Hundreds of foreign nationals at the Kerksoord temporary shelter north of Pretoria were seeking answers from the UN and government on Monday after a truckload of “red ant” agents removed their tents.
“They didn’t tell us they [the red ants] were going to do it,” said Jane Senga, one of the vitims of xenophobic attacks earlier this year in South Africa. She is originally from Angola. Senga was packing her belongings while others around her were braiding each other’s hair.
Inside the camp a group of men were playing soccer while another two sat contemplating their next move in a game of checkers. Another old man was strumming a guitar while some passersby complained that they had no food and no water.
Signs outside the camp read: “Stop negrophobic attacks.” Yilmashwa Ketye from Ethiopia said the refugees had not been given food in six days. “In South Africa, the dogs get more respect.”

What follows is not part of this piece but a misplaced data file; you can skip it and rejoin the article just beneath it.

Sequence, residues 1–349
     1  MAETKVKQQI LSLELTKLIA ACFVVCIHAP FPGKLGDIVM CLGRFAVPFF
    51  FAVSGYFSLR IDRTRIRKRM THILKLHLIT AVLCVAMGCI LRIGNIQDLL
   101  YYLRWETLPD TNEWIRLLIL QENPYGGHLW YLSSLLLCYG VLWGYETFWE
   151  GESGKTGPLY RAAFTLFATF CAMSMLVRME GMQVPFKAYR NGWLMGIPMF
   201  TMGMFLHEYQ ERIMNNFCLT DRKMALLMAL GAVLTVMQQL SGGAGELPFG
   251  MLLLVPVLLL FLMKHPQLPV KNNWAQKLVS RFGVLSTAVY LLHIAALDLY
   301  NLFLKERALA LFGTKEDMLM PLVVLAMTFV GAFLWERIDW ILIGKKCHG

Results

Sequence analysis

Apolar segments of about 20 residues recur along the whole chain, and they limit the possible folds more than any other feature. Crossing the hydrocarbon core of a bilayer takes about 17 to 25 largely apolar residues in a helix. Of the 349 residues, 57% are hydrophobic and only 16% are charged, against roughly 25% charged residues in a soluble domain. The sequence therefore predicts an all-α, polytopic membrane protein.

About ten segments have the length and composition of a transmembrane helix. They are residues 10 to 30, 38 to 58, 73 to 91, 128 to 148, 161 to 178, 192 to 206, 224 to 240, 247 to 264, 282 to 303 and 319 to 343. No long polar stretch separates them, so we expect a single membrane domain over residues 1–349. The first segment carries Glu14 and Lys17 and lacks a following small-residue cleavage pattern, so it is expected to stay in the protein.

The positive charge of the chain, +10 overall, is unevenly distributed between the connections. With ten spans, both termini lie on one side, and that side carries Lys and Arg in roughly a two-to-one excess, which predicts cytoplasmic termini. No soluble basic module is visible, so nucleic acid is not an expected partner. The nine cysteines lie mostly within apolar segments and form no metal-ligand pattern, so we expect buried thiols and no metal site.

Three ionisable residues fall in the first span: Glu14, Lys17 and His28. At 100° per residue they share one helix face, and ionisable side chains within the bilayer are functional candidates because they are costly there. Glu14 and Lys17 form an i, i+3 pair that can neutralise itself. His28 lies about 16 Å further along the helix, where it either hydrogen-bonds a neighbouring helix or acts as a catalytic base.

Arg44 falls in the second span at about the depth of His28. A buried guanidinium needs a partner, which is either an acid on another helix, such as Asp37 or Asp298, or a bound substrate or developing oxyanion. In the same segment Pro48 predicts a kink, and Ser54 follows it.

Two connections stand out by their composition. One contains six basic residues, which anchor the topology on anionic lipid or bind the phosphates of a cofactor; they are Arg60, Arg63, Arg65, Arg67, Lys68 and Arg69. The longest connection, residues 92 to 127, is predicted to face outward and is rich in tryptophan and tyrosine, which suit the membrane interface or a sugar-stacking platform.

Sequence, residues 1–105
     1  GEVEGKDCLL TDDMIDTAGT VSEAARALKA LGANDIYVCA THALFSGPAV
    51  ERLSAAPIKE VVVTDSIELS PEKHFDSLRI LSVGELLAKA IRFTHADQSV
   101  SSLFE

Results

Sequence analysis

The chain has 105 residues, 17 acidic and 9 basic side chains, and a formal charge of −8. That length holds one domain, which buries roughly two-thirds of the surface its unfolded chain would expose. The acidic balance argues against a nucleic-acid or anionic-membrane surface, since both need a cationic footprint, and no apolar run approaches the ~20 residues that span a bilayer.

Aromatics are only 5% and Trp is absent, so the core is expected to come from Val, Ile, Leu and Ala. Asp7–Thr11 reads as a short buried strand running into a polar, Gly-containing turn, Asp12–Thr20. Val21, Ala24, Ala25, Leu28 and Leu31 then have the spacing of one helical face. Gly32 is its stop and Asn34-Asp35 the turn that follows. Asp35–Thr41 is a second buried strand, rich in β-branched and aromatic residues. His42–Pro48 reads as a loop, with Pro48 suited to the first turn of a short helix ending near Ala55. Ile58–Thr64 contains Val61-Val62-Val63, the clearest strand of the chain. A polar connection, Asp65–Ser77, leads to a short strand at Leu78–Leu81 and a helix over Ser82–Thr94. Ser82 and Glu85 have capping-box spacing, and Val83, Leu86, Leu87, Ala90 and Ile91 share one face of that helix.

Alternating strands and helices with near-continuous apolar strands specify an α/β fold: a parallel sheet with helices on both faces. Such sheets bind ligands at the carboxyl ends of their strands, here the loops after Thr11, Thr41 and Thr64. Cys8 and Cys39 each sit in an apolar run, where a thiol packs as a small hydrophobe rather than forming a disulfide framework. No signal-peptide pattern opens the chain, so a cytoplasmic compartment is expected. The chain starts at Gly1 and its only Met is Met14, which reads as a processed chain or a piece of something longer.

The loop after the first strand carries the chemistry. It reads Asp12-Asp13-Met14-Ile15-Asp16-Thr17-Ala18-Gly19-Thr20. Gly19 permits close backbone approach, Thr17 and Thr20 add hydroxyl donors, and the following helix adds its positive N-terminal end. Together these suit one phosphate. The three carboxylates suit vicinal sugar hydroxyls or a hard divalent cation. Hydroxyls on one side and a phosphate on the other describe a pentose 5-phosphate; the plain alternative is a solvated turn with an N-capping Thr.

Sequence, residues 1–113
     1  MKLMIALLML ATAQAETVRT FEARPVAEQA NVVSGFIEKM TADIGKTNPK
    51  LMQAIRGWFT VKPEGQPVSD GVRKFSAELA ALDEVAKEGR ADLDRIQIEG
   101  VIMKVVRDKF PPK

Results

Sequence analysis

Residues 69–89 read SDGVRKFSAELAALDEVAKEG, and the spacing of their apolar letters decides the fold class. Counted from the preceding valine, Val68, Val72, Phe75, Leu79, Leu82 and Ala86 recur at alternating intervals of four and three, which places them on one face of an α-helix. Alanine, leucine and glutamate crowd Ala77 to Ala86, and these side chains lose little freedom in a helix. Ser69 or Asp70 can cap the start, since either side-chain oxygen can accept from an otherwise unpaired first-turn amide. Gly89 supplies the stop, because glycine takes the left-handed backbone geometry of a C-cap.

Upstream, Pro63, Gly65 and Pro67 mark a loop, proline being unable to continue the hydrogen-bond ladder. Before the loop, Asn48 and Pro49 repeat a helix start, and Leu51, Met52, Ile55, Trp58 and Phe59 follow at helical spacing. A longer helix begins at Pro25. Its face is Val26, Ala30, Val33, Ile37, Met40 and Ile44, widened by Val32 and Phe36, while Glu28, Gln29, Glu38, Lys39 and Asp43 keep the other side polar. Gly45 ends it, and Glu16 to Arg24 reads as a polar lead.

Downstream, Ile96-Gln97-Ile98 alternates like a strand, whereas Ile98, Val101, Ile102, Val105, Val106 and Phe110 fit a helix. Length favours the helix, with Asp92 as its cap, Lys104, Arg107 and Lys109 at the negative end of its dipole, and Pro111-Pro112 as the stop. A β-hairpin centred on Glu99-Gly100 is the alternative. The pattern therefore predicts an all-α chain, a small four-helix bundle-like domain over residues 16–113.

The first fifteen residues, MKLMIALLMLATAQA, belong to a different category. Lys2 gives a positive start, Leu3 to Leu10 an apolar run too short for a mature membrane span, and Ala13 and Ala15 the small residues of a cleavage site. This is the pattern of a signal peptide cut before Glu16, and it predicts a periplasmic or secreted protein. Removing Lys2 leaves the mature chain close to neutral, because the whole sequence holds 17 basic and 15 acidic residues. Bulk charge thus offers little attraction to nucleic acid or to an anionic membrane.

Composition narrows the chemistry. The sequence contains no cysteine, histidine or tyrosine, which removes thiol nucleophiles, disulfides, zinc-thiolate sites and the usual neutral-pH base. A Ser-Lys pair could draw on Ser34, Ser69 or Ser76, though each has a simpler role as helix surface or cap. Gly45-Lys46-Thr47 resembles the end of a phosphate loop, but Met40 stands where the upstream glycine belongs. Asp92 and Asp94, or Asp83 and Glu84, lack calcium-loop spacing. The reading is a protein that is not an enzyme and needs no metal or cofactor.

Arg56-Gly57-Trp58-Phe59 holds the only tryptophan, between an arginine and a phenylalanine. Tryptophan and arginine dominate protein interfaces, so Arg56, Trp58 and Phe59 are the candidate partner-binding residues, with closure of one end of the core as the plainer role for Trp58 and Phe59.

Ketye said UN and government officials – called “red ants” had earlier offered the refugees three options: reintegration, deportation back to their home countries, or relocation to a safer country. “Eight hundred of us [refugees] didn’t want to go back home, we need that third option”.
Michael Haleyon, an asylum seeker from Eritrea, said his country was “very unsafe”. “We cannot go back home, if we go we will be persecuted, if we stay we will be persecuted.
“We are going to stay here,” he said. Just before 5pm, over an hour after the red ants tore down the tents, the only semi-formal structures that remained were a row of portable toilets. Outside the camp crew from a handful of police vehicles sat watch.
One officer told Sapa he did not anticipate any incidents of violence overnight. There had also been no reports of violence during the day. No government or UN officials were visible on site.